From late-life treatment-resistant depression to the mental health benefits of gratitude, here are highlights from the week in Psychiatric Times.
This week, Psychiatric Times® discussed a wide variety of psychiatric issues and industry updates, from late-life treatment-resistant depression to the mental health benefits of gratitude. Here are some highlights from the week.
Anxiolytic Effects of Ketamine
The lifetime prevalence of anxiety disorders in US adults is 34%. Given the limitations of currently available treatments for treatment-resistant anxiety, there is a need for novel anxiolytic agents. In addition to its efficacy for depression, the NMDA receptor antagonist ketamine has emergency evidence of anxiolytic effects.
However, previous reviews did not investigate the time course of ketamine’s action and included lower-quality evidence, which delimits conclusions. Furthermore, the transdiagnostic nature of anxiety symptoms suggests potential utility of ketamine in a range of clinical settings. Continue Reading
Intimate Partner Violence Victimization: How It Relates to Substance Use in Women
The World Health Organization (WHO) describes intimate partner violence (IPV) against women as any behavior by a former or current intimate partner that causes physical, sexual, or psychological harm to the victim. IPV involves a recurring pattern of power and control, with periods of abuse and nonabuse.
IPV is not specific to women or to heterosexual relationships. Nevertheless, women tend to be more susceptible to IPV victimization, with data from US nationwide surveys suggesting that approximately 41% of women experience IPV in their lifetime, in comparison with 26% of men. Moreover, in the United States, more than half of female homicides were committed by a current or former male intimate partner. Continue Reading
Late-Life Treatment-Resistant Depression
Late-life depression (LLD) is prevalent and defined as major depressive disorder in adults 65 years and older. The prevalence rate of LLD among older adults living in the community is up to 5%. LLD has deleterious effects and is associated with increased functional disability, cognitive impairment, all-cause mortality, and suicide.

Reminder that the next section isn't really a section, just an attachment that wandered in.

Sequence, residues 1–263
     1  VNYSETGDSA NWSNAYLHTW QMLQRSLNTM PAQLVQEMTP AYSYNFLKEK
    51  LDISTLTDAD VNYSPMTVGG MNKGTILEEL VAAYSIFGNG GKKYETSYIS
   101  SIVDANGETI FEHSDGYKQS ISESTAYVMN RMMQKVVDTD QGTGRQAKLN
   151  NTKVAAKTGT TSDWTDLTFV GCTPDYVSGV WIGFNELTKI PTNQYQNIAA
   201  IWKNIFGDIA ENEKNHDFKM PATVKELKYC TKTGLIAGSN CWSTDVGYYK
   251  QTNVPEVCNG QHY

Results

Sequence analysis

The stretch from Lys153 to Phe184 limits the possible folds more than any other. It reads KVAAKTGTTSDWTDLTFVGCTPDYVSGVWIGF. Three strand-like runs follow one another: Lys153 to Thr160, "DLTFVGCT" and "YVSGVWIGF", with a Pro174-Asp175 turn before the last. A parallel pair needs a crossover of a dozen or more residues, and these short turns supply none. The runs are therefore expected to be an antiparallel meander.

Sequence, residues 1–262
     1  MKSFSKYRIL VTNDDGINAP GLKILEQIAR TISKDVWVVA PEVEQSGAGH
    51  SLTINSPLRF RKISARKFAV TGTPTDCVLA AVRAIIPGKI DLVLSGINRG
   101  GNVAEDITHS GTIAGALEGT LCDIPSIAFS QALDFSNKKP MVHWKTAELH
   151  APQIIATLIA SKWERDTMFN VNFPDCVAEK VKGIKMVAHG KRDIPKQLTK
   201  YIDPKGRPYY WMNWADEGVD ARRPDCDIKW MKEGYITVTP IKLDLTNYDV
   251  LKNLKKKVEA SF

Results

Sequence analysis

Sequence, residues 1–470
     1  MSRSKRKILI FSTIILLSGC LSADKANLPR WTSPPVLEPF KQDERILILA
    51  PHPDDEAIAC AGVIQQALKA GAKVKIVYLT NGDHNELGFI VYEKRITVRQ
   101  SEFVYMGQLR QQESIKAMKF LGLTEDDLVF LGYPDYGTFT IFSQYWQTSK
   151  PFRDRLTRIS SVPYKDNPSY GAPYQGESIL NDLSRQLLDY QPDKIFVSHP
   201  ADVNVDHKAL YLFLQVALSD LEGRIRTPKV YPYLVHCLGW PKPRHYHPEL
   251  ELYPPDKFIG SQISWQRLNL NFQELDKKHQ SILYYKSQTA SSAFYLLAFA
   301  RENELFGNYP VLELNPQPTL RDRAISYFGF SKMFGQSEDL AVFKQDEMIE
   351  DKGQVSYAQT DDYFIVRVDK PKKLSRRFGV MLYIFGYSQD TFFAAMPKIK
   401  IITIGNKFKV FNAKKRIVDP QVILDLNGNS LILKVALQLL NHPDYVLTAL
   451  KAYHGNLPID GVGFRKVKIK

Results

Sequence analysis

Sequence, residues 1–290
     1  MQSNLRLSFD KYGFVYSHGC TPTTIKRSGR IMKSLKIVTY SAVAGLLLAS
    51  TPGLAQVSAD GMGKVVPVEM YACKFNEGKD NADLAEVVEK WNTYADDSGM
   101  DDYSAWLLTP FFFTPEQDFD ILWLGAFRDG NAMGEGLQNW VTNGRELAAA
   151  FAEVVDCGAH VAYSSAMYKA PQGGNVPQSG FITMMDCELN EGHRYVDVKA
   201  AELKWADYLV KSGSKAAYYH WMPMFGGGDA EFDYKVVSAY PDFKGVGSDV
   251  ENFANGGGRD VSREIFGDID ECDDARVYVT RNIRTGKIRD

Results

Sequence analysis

LLD is characterized by its chronic course, with frequent relapses and recurrences. The median time to a recurrent depressive episode tends to be short in LLD. The unstable remission rate could be due to multiple factors, including increased previous depressive episodes, high anxiety levels, medical burden, or neurodegenerative illness. Continue Reading
It’s National Gratitude Month—in a World of Woe
Some of us fondly recall that classic New Yorker cartoon by Bob Mankoff, showing a woman standing next to her worried-looking husband and asking, “But why not be happy about all the diseases that you don’t have?” The tone is humorous, but the message is serious. Gratitude is an important part of mental and emotional health. As a Yiddish proverb aptly puts it, “If you cannot be grateful for what you have received, then be thankful for what you have been spared.”
As the holidays approach, many of us are struggling to connect with feelings of gratitude. The world, after all, is a hellacious mess. Two terrible wars bring us bad news nearly every day, as the maw of civil unrest and burgeoning bigotry seems to devour our “domestic tranquility.” So—what on earth are we supposed to make of “National Gratitude Month”? Continue Reading
Do you have a comment on any of these or other articles? Have a good idea for an article and want to write? Interested in sharing your perspectives? Write to us at PTeditor@mmhgroup.com.